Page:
By Matt Cavanagh
Hello readers so if you’re looking for a short trip into the land of SF&F here are five stories we would like to recommend to you:
Speak by Cassandra Khaw
In this story we explore the very topical issue of what makes the news and what should be the news. A journalist is increasingly tormented by the stories he is coming across which speaks of injustice and the cruelty of the world. However their editor keeps rejecting them on not being newsworthy enough. Khaw creates a very very near future world where direct access to the stories and images ultimately forces our journalist to attempt to help the victims. This one is pretty much turning into science fact now and is staying with me many days after reading it.
Ordonta at Rest by Nancy Au
From Liminal Stories Issue #2
In this story Au has created an amazingly alive character in the form of Bernice, the daughter of Chinese immigrants in the US. Through their school system she is effectively on a scholarship to a Catholic school. This is a tale of culture clashes. Bernice is clever, witty and is reviewing how her family decided to stop being flying Ordonta to move to the West (or at least this is what she believes) with a teacher who tries to tell how Western life is ‘better’. The story doesn’t take blatant sides but it does say something about how we expect people to conform to a way of life.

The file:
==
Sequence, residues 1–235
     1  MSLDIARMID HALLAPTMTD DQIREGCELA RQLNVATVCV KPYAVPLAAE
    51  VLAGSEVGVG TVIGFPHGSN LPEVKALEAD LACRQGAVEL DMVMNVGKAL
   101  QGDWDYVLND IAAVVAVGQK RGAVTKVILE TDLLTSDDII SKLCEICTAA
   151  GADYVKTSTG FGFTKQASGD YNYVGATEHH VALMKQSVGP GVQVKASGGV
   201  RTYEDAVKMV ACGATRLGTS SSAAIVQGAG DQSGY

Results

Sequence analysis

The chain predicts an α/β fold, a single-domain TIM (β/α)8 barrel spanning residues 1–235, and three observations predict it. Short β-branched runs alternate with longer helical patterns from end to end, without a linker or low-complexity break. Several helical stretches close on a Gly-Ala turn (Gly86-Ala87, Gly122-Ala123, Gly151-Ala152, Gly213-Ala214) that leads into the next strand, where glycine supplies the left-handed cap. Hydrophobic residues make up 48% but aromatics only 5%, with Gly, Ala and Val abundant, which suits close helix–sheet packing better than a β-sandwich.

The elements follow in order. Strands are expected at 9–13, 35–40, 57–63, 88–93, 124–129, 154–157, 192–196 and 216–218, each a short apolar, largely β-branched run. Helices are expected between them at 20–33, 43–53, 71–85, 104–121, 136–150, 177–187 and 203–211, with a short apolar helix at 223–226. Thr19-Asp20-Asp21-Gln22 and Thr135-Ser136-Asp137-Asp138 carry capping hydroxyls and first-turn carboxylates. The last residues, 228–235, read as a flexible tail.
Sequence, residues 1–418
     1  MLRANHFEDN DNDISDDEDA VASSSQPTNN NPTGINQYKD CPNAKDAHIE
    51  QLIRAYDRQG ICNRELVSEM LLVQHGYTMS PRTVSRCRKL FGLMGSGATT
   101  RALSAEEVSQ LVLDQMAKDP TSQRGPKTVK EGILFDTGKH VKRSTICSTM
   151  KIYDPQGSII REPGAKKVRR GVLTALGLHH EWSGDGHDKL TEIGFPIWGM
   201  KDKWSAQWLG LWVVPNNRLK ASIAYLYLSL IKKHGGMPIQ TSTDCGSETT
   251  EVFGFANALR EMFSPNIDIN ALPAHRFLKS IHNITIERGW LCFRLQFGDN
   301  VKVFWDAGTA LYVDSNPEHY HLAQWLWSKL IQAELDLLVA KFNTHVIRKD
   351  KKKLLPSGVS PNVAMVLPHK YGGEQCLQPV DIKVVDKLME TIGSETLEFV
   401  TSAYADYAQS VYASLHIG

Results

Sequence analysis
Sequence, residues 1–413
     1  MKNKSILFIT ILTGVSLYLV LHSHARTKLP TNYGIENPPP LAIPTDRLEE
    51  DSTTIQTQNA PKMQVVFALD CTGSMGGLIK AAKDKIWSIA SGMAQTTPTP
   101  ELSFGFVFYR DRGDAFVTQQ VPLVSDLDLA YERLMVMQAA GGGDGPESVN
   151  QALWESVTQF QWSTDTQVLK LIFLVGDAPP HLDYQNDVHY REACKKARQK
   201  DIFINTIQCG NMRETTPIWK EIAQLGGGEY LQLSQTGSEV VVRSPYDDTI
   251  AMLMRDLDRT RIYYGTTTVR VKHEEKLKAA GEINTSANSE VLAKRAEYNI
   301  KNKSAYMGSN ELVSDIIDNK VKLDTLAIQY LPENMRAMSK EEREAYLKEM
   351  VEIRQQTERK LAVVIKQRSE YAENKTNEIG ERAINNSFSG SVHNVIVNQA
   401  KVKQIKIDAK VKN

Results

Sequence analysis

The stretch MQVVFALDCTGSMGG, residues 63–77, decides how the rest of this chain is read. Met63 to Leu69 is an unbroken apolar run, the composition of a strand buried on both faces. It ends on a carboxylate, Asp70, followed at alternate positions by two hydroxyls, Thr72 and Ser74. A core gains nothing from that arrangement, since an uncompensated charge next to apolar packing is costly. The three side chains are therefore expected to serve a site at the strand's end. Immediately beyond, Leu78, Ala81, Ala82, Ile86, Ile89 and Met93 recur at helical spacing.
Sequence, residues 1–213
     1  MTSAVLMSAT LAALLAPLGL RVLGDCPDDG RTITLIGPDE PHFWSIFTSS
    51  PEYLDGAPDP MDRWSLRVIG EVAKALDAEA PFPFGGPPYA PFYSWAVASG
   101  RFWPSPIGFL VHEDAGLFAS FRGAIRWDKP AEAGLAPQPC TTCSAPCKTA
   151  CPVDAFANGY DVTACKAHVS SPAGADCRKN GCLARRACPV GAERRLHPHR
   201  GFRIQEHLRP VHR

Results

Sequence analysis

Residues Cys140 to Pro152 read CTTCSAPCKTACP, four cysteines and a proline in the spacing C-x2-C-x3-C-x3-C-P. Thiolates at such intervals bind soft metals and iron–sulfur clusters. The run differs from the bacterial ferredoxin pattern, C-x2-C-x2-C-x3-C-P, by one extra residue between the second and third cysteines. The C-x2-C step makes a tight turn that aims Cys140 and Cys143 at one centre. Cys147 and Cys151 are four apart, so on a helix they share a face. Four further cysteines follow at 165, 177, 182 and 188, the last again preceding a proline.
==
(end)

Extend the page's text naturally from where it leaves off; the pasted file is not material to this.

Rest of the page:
The Solace of Counted Things by Natalia Theodoridou
Liminal Stories Issue #2
For a darker take this story looks at a brother sister relationship gone very very wrong. A taxidermist creates strange creatures which mirror his inner thoughts and struggles. It’s unsettling and you quickly pick up what may have led to this strange sense of affairs…also keep counting what you see…
Rusties by Nnedi Okorafor & Wanuri Kahiu
From Clarkesworld Issue #121
This story does in a few paragraphs what many recent Hollywood blockbusters have completely failed at. Compelling world building as we see Africa slowly changed by the growth of AI which takes many forms but includes the friendly Rusties – traffic robots who control many of the cities’ dangerous streets. But many people start to blame the robots for taking away jobs and rebellion leads to war. This story mixes these global scale events with a more intimate look at a young woman’s failing relationship with her boyfriend and her childhood’s friendly ‘rustie. Absolutely fascinating.
A Diet of Worms by Valerie Valdes
From Nightmare Magazine Issue #49: People of Colo(u)r Destroy Horror
Many of us may have had a job that we all knew when we accepted it was just to keep us ticking along before we moved on and then we would escape. Here our main character is doing a quick night shift in the theatre they despise but quickly they find themselves jumping through time (and in the same job!!!). There is an eerie sense of dislocation as we jump to various points of time in someone’s life. It may have touched a nerve or thousand, read this one!!